ExxonMobil Scrambles, GDP Isn’t an Ideal Measure, and Hotels Go Green


Photo: Lippincott

The ExxonMobil Truth Commission
ExxonMobil may be moving toward as reasonable a climate policy as we can expect from a massive oil company. It supports a carbon tax (unlike many politicians) and its greenhouse-gas policies are improving. It certainly wasn’t always that way and the oil giant is struggling to avoid paying the price for its past behavior. The company is alleged to have suppressed for many years internal research that recognized the dangers of climate change while publicly creating FUD around climate science. And now it’s scrambling to contain a climate crusade (Politico). It’s not just green activists that have ExxonMobil nervous: fraud cases are working their way through the courts (ExxonMobil is fighting them using the same sort of arguments that Big Tobacco used) and some senators are “urging DOJ to consider bringing civil racketeering cases against oil companies.” Yes, the company’s practices and positions have changed, in some cases dramatically so. But cutting up the credit cards doesn’t mean your debt goes away.

Measuring the Value of a Measure
The primary statistic used to measure a country’s economy is the gross domestic product, a measure of output, income and spending all at the same time. Yet The Economist lays out why GDP is a poor measure of progress. The article argues that GDP was an adequate way to measure growth when “the economy was still mostly farms and factories,” but it’s less good for measuring service economies. Consumption is easy to count. Quality of consumer experience? Not so much. The post does a good job of outlining GDP’s shortcomings but doesn’t suggest what might work better in today’s information-driven world. Calling Bhutan …

Green Hotels Win
The first major move hotels made to be sustainable — giving guests the opportunity to not have their sheets replaced or towels refreshed — came across more as cost-cutting gestures than real approaches to the problem. But now U.S. hotels are becoming more hospitable to energy-saving systems (NYT). The switch is happening both because it’s the right thing to do and because more rigorous building codes are spreading. Whether it’s key cards to control lights, the ability to control temperature more effectively, or the ability to sense when a room is occupied and moderate the air conditioning when it isn’t, more and more hotels are implementing more and more ways to save resources and money.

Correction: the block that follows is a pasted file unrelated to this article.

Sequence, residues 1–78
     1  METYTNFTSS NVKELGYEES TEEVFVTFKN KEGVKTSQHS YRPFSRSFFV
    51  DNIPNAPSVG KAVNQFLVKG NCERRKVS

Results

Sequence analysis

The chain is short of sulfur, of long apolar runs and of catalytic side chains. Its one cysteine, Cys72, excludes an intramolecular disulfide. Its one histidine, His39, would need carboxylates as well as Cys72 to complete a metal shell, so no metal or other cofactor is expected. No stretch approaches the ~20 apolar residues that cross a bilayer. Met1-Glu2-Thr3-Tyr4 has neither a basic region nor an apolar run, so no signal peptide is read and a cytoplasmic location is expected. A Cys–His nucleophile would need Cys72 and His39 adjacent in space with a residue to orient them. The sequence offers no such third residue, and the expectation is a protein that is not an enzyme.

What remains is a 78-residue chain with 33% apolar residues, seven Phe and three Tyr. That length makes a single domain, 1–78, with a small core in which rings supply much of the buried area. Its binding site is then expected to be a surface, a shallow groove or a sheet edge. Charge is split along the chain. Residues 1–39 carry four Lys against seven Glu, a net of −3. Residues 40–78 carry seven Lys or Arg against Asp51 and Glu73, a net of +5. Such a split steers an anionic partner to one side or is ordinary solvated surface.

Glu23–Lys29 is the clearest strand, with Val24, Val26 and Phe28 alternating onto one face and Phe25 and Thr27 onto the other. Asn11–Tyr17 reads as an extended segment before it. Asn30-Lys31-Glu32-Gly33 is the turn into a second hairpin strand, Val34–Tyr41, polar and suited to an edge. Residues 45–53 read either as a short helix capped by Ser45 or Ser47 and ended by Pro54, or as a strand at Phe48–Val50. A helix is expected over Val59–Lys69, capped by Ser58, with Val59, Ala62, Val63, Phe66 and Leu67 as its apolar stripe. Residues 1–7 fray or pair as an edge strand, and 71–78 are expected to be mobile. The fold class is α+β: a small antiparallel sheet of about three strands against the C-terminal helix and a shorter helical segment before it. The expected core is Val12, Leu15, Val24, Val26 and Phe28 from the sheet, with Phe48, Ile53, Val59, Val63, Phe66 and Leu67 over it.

Consultancy That Sells Drone Services Predicts Success of Drone Services
A new report from the Polish arm of consultancy PwC titled “Clarity from Above” estimates that drones could replace $127 billion worth of human labor and services “in the very near future.” The report emphasizes the outsized role drones will play in infrastructure, with more than one-third of the $127 billion shift due to that industry. Agriculture comes in second. The 40-page report is full of bromides — “Drone application in capital projects as a vital step in designing, constructing, operating and maintaining infrastructure assets” — but not one mention of how businesses or governments might deal with the potential human cost associated with the rise of drones.

Online Lending’s Growing Pains
The resignation of Lending Club CEO Renaud Laplanche got all the attention yesterday, but Recode’s Noah Kulwin goes wide and considers the problems facing all online lenders. Citibank has pulled back on buying loans from peer-to-peer startup Prosper, competitors like Avant and On Deck Capital are reporting “either slowing investor demand for loans or a drop in lending volume this year,” and regulators are taking an increased interest in the industry. Like other Internet disruptors, online lenders are finding they have to play by more of the same rules of the businesses they sought to disrupt.

When Ride-Hailing Companies Face Surge Pricing
Speaking of online disruptors learning they have to play by the rules, Uber and Lyft say they’re technology companies. So why aren’t they investigating technology solutions to the fingerprinting problem that they say is driving them from Austin, TX? Because they think it’s too expensive, according to the Los Angeles Times.

“No Economic Justification” for Tax Havens
That’s the argument in a big open letter (Bloomberg) organized by NewCo Oxfam. Signatories include Nobel laureate Angus Deaton, bestselling author Thomas Piketty, former IMF chief economist Olivier Blanchard, Columbia University Earth Institute director Jeffrey Sachs, and 300 other economists. The letter is intended to greet policy makers gathering in London for anti-corruption talks. Are companies like Apple (The Conversation) and Uber (Fortune) listening?

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